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    1. If data from the LHC were puzzling that would call for the FCC. The LHC data, I am less certain about the ALICE detector data, instead of puzzling is almost boring in how predictable it is.

      Cosmic rays that violate the GHZ limit are thought to be due to extremely high energy neutrinos that scatter off particles close enough to us so the CMB radiation does not appreciably attenuate the daughter products at energy larger than GHZ limit.

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    2. We just need more data to reach 5 sigma, not higher-energy data at a $30B price tag. The assumption that higher energy is going to solve our problems has been touted again and again, with LHC being the end all (the early matter era of the BB where the Higgs field comes into play) and there really are no new clues. If we're stymied by asymmetry in muon data, higher energy does nothing to resolve this because it merely suggests there is some new particle we don't know about that will solve all our problems (which the LHC should have enough resolution to see given our current CDM model). When our models seriously need re-evaluation from so many missing results that are expected, new machines aren't the answer.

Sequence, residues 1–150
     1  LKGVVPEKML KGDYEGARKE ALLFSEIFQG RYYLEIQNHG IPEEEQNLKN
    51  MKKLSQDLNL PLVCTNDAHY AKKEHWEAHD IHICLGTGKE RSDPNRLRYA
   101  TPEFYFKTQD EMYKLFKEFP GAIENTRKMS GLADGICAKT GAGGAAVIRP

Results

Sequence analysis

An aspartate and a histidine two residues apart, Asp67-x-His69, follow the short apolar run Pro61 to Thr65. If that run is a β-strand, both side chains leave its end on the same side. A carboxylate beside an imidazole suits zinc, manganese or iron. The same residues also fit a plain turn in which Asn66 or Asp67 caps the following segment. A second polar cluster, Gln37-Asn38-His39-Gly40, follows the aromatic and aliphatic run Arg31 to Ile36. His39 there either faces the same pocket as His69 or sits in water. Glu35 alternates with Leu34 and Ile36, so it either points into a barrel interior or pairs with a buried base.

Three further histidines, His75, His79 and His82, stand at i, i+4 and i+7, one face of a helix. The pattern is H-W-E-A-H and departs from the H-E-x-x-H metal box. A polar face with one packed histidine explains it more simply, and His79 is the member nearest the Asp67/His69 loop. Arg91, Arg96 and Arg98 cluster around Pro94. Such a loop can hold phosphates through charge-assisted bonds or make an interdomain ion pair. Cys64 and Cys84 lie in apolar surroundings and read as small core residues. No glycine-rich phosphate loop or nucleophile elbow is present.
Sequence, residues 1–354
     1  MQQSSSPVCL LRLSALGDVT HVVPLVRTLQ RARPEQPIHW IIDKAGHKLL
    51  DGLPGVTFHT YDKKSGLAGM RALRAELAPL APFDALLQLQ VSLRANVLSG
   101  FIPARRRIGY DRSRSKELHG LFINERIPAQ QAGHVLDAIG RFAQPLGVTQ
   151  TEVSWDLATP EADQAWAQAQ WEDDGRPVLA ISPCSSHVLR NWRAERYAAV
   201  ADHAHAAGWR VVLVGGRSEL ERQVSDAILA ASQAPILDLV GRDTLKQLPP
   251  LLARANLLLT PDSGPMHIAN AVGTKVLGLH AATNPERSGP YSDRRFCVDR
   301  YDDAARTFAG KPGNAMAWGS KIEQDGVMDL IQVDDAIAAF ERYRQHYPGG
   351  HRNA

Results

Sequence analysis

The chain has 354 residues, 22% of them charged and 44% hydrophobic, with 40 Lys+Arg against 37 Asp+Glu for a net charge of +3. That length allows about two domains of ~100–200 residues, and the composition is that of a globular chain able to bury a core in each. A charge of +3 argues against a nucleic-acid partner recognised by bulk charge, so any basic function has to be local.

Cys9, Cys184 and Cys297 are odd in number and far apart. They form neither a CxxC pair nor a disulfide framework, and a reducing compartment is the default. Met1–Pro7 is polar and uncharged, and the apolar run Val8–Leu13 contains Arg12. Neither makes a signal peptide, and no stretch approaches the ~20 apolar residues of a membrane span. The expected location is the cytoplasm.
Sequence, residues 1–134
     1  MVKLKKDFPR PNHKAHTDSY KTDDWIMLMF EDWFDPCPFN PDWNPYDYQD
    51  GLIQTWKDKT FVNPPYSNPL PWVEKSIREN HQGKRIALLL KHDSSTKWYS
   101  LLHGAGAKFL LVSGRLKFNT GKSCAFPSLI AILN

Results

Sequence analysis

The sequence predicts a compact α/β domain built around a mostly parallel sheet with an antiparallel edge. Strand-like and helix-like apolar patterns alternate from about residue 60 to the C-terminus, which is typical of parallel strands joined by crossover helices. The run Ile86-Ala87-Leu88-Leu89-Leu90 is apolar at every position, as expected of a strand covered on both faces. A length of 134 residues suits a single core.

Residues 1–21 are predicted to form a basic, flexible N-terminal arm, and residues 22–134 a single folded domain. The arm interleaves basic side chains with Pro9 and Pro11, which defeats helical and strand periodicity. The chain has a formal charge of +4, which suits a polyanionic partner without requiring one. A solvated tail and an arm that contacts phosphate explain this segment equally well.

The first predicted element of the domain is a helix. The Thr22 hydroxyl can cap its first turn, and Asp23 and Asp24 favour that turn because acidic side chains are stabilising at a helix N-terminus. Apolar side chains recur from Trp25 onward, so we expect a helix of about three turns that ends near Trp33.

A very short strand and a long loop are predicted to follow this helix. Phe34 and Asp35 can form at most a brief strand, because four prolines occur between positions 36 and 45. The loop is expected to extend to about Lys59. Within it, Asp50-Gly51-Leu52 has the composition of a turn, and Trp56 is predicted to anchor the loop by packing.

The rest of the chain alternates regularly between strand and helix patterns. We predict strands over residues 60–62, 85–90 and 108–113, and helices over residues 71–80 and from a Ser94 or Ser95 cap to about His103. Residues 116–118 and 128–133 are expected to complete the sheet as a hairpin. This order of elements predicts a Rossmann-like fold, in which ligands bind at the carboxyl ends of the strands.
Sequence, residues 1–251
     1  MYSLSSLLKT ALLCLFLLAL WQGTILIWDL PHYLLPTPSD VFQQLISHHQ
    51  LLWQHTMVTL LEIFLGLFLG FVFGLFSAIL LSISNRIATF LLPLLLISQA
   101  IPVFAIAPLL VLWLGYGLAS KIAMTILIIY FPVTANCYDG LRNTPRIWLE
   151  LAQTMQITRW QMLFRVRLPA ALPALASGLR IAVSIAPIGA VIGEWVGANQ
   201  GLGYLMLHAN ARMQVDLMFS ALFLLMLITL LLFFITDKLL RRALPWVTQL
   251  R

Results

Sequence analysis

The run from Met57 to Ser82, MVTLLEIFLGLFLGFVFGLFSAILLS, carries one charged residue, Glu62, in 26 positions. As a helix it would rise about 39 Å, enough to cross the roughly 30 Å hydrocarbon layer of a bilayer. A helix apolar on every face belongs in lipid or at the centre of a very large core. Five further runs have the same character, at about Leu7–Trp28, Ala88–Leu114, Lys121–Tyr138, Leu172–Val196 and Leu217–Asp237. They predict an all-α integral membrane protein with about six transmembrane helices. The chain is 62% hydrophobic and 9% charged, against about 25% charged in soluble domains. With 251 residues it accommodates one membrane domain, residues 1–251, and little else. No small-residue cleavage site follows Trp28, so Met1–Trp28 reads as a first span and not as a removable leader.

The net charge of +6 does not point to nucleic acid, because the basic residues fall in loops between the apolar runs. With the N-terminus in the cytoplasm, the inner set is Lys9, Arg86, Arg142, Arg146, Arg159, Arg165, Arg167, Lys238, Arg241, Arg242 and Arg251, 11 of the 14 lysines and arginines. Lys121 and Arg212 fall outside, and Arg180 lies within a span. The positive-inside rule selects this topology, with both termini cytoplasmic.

I had read that the GZK limit violators could be heavy nuclei as well, it's hard to know, especially testing for neutrinos scattering when it's hard enough measuring interactions with favorable targets like the Xenon detector.

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  9. "At present, it is our best clue for physics beyond the standard model. So, stay tuned."

    In what way, what will(could) be the new discovery?

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    1. Sorry I couldn't connect, do you know of any paper. Even so, how a sterile neutrino can change SM in any fundamental way.

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  10. qsa, I believe the neutrino sector is the most promising candidate for physics beyond the Standard Model. Note that the finite neutrino masses and neutrino oscillations are the only examples of experimentally confirmed violations of the Standard Model that originally assumed that neutrinos were massless. And there exists a natural way to explain the low neutrino masses:

    https://en.wikipedia.org/wiki/Seesaw_mechanism